‘We were the most wanted children ever’ - Lauren and Brodie Lyon speak for the first time about the controversy of their births

Lyon family. Left: Pauline, Dave, Lauren and Brodie Lyon. Picture: Steve Williams.

Lyon family. Left: Pauline, Dave, Lauren and Brodie Lyon. Picture: Steve Williams. - Credit: Archant

“The best and most loveliest parents in the world” that’s how March siblings Lauren and Brodie Lyon described their mum and dad - Pauline and Dave Lyon.

In 1995 the couple were vilified in the national press when it was revealed Mrs Lyon was set to become Britain’s oldest mum at the age of 52. A title that she lost a couple of year’s later to a Welsh woman.

Now 20 years on their daughter Lauren and her younger brother Brodie, 16, have described their parents as “the most loving and wonderful” mum and dad you could wish for.

The March family spent many years in the media spotlight because of the ‘hoo-hah’ surrounding Lauren’s conception and her subsequent birth.

Mrs Lyon lied about her age to receive IVF treatment to conceive Lauren telling specialists at the posh Lister Hospital in London she was 45 even though she was 52 at the time.

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“We were desperate for a baby, we had hoped it would happen naturally after we were married, as Pauline was only 45 at the time. But it just didn’t happen, so we decided to try IVF. We had three attempts, and if it hadn’t worked the third time we would have had to have given up because we just couldn’t afford another go.

“When the specialist saw Pauline’s age on a form he advised us to go away and knock a few years off. We wouldn’t be considered for treatment otherwise, even though we were paying for it. So we did and fortunately Lauren was conceived,” explained Mr Lyon, a retired Whitemoor prison officer.

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“We never would have gone public, it was not something we considered doing. But unfortunately someone tipped off the Daily Mirror and the first we knew about it was when it was splashed across the front page. I didn’t want to go out and see people after that, I drew the curtains and hoped the press would just go away.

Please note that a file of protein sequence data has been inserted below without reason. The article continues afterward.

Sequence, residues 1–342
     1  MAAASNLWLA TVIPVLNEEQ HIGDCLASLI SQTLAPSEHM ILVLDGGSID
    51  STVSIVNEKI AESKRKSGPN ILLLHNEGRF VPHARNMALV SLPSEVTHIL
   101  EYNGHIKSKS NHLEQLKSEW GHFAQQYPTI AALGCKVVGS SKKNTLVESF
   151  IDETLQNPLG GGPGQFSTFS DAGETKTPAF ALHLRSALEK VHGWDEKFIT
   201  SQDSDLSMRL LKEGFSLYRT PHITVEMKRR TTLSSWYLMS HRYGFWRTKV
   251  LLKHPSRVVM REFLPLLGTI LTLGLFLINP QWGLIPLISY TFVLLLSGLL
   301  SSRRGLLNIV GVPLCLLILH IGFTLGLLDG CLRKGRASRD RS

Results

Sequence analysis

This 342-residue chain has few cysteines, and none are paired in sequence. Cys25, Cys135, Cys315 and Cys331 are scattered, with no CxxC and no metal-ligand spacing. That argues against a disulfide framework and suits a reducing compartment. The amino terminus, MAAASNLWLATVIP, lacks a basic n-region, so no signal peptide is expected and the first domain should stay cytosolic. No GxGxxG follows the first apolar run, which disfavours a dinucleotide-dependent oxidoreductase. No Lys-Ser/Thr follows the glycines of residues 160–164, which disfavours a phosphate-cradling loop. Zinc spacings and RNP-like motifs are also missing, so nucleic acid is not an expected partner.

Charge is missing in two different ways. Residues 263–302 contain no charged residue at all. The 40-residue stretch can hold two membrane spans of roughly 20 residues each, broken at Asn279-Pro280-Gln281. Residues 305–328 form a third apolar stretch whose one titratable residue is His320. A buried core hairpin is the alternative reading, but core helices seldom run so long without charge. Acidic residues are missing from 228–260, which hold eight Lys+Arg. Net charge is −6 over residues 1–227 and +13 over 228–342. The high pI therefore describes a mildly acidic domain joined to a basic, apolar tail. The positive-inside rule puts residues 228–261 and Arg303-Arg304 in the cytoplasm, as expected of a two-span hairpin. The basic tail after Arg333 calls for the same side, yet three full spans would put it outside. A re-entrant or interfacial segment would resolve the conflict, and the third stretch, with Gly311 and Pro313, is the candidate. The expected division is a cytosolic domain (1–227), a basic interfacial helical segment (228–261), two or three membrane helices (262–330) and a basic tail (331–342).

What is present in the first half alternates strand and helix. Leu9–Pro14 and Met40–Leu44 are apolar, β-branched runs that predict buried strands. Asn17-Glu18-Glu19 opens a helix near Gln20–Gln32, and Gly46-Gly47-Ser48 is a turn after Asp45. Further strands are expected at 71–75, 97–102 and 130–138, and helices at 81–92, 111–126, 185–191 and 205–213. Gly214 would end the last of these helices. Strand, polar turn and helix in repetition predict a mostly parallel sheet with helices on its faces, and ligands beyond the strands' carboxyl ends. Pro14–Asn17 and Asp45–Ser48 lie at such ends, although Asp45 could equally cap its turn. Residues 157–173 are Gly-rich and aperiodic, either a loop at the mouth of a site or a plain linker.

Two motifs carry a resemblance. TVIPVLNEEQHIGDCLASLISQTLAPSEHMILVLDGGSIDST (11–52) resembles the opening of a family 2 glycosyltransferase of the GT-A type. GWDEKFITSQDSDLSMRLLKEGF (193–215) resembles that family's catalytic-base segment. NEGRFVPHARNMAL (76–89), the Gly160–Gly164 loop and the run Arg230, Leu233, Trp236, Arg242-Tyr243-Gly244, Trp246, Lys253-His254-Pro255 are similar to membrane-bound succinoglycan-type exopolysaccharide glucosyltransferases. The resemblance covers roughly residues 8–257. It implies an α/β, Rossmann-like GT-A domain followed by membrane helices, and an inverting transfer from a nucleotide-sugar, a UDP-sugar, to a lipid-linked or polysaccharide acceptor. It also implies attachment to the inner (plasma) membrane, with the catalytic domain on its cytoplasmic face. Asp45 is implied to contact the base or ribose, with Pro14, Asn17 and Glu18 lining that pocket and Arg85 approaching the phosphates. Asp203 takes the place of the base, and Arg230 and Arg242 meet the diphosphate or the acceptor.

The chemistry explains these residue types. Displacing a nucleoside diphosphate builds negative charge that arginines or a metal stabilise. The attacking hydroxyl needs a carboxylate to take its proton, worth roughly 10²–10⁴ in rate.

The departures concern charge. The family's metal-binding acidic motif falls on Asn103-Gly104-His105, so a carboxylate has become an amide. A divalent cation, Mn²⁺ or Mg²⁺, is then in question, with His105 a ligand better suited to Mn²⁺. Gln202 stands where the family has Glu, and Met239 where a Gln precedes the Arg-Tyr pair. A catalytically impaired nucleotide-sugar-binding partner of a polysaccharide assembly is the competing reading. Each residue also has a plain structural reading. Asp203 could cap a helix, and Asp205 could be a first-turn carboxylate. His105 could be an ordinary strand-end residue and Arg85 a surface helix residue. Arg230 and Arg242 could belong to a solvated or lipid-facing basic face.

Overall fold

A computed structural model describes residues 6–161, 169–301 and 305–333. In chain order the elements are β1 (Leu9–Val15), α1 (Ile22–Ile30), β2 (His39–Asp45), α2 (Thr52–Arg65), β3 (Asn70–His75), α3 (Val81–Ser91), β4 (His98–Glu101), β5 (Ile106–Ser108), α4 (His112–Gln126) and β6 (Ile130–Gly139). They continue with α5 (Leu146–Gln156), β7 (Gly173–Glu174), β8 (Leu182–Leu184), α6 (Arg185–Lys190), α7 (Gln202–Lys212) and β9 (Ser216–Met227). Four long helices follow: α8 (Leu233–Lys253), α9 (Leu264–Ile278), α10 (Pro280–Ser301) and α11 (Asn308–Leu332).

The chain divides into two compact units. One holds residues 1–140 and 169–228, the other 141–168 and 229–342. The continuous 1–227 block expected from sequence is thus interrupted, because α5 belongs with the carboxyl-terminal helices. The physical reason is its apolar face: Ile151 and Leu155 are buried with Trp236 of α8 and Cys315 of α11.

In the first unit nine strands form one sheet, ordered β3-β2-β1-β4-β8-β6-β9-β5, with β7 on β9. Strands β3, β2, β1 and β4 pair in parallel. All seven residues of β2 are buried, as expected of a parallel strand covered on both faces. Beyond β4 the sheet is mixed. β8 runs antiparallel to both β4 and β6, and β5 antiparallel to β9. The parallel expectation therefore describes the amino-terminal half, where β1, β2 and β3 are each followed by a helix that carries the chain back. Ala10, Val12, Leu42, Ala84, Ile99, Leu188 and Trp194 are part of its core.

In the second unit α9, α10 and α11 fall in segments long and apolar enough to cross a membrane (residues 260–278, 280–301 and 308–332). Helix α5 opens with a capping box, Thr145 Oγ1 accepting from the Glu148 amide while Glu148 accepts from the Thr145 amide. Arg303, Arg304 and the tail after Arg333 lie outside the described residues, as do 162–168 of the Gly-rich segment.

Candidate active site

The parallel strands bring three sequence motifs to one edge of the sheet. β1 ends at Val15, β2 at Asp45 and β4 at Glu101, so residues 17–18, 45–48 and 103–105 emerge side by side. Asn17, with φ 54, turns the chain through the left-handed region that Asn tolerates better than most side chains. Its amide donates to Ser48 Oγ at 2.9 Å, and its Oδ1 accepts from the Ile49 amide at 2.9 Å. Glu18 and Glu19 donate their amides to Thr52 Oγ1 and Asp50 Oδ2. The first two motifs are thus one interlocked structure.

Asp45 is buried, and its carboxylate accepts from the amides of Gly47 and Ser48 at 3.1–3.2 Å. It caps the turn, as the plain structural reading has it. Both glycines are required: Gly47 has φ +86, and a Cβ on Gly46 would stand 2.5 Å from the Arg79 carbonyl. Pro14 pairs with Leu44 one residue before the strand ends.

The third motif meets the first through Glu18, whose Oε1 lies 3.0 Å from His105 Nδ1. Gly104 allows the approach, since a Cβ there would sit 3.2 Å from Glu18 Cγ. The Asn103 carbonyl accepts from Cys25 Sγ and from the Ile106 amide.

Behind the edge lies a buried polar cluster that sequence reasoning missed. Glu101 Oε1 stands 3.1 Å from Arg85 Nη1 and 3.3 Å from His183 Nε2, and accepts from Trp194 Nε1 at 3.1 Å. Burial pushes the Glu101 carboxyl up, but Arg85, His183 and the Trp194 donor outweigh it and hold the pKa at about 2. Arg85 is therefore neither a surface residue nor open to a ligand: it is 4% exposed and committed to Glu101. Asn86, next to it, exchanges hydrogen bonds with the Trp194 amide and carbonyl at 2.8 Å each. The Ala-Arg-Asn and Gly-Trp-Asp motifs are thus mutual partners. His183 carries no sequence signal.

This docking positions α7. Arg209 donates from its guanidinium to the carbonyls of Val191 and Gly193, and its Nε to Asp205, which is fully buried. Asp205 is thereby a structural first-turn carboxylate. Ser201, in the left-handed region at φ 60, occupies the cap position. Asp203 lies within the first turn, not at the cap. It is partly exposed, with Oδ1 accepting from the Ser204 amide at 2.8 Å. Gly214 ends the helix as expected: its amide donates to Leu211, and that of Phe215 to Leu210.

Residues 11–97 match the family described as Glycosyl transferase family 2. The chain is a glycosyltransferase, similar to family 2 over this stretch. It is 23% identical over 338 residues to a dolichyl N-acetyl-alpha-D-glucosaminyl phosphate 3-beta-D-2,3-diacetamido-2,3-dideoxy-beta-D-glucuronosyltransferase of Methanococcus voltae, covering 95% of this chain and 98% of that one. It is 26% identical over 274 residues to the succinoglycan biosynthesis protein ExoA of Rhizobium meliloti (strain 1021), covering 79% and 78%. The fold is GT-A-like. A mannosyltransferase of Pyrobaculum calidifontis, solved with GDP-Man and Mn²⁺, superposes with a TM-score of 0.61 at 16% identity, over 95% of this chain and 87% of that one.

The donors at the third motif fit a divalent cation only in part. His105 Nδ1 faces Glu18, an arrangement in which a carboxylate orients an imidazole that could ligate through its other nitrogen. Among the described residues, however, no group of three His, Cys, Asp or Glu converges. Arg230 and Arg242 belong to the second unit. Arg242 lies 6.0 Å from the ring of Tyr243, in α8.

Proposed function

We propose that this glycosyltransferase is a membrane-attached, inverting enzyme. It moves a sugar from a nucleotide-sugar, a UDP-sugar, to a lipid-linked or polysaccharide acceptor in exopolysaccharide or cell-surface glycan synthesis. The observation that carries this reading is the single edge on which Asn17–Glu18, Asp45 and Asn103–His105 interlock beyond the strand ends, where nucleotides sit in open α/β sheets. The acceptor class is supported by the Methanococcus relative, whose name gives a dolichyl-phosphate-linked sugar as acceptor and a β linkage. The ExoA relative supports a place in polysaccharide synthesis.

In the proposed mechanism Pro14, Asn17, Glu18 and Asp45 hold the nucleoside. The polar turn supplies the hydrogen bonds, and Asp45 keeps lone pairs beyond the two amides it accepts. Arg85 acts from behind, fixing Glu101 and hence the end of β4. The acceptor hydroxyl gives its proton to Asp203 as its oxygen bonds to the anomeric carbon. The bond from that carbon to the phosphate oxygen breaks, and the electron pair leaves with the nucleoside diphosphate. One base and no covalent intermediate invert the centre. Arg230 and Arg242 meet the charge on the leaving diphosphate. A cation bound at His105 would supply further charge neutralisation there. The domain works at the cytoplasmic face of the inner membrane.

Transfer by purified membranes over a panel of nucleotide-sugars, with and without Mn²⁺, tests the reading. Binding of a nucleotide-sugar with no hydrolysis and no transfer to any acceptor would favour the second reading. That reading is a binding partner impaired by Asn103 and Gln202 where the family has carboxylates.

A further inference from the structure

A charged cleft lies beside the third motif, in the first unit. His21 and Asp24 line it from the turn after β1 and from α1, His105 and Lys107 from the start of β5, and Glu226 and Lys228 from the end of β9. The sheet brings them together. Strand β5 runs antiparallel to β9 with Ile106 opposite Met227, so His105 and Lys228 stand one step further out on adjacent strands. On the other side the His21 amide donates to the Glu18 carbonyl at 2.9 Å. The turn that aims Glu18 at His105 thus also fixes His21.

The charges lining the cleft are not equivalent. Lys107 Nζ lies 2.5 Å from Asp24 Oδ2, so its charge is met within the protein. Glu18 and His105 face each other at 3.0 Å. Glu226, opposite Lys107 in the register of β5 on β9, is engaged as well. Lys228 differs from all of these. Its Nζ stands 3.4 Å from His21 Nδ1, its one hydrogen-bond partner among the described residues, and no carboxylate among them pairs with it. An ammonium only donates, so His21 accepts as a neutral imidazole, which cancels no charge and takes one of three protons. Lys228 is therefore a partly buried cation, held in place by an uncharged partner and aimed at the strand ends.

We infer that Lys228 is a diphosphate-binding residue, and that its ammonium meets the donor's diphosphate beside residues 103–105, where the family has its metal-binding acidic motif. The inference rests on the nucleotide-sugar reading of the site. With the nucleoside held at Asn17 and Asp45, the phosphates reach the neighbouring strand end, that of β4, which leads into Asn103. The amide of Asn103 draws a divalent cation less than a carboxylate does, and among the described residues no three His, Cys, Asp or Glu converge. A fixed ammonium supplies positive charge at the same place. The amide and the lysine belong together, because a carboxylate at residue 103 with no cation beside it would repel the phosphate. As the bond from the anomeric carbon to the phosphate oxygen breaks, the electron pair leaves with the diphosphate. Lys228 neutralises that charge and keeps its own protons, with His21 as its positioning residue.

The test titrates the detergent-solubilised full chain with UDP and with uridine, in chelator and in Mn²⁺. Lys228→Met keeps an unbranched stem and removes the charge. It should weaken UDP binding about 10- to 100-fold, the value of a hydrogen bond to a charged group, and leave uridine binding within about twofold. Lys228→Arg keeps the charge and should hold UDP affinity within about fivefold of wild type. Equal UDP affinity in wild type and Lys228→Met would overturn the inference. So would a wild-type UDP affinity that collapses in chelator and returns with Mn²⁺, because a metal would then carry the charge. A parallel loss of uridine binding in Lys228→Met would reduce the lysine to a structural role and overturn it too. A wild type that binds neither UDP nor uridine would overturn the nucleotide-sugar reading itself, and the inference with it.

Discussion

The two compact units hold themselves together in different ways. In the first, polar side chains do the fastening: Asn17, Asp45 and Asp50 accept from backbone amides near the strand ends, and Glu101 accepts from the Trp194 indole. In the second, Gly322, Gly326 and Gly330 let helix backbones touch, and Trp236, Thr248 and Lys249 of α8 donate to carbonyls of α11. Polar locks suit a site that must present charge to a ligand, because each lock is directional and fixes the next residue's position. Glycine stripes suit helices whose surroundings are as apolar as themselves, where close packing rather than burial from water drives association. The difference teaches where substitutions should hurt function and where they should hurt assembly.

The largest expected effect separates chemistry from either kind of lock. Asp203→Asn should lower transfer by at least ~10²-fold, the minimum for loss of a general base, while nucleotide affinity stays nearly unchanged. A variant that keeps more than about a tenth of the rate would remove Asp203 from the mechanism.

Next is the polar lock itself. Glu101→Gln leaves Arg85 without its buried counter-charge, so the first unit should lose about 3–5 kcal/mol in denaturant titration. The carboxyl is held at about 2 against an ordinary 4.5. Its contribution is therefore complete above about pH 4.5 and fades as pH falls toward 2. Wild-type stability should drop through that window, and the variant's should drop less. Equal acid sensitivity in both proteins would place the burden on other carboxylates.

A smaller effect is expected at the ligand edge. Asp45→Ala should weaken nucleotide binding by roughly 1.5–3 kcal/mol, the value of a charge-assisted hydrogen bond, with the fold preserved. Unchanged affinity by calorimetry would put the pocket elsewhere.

“But actually it turned out to be a blessing in disguise because it eventually helped us to go on and have Brodie,” explained Pauline.

Lauren’s birth in April 1995 prompted more controversy with debates about the age women should be allowed to have a baby featuring regularly on television programmes and in the national papers.

But despite all the negativity the Lyons remained strong and have proved the nay-sayers wrong with both their children happy and succeeding in life.

Lauren, 20, is about to start her third year at university with plans to go on to become a teacher. While Brodie, who passed all his GCSEs with good grades only last week, is set to return to Neale-Wade Academy to study four A-levels in English, government and politics, sociology and biology.

Mr Lyon, who is now 71, has health issues and is waiting to undergo heart surgery, but his wife at 72, is still fit and healthy apart from slight arthritis in her shoulders.

“People said we were wrong to have a baby when we were at the age most people become grandparents, because we wouldn’t be around to see them grow up. But you could say that about anyone, you never know what’s going to happen. People also thought the children would suffer because we wouldn’t be able to keep up with them and do things younger parents do with their kids.

“But it has never been a problem. In fact I think it’s kept us young. We have done everything for our children, we are very close and they know how much they were wanted,” said Mrs Lyon.

“I have always known about all the press coverage and about the fact my parents are older. It was just there. I grew up for the first years of my life in front of a camera. In fact when I turned 18 I even got a charm for my bracelet in the shape of camera to celebrate that fact.

“The one thing Brodie and I have always known is how much we were wanted. I think we were the most wanted children ever. We have never wanted for anything, and I think we are so lucky to have our parents, because they are so loving and they are probably more relaxed because of their age and life experiences.

My friends at uni love listening to dad’s stories, and when I showed them my memory box they couldn’t believe just how much we were wanted. They all think I’m lucky to have such wonderful parents,” said Lauren, who is at university in Canterbury.

Brodie said: “We know they are old, and I do sometimes cringe when mum uses words that show her age. But it has never been a problem or bothered me. The only real downside is the fact they are both retired and never have a reason to be out of the house for any length of time, and that can be a bit frustrating. Sometimes you just want a bit of space,” said Brodie, who was named after Mr Lyon’s former prison boss Brodie Clark.

But he admits he regularly has house parties and recently hosted an after prom party where his proud mum ensured no-one went hungry by serving up an array of snacks and pizzas.

The brother and sister have a close relationship with their half-sister Lisa from Mrs Lyon’s first marriage, but sadly the same cannot be said of their other three half-siblings on their dad’s side.

They are in contact with Mr Lyon’s eldest daughter, but have little or no contact with his other daughter or son.

“It is really sad, but they are just not interested and there is nothing I can do about that,” said Mr Lyon.

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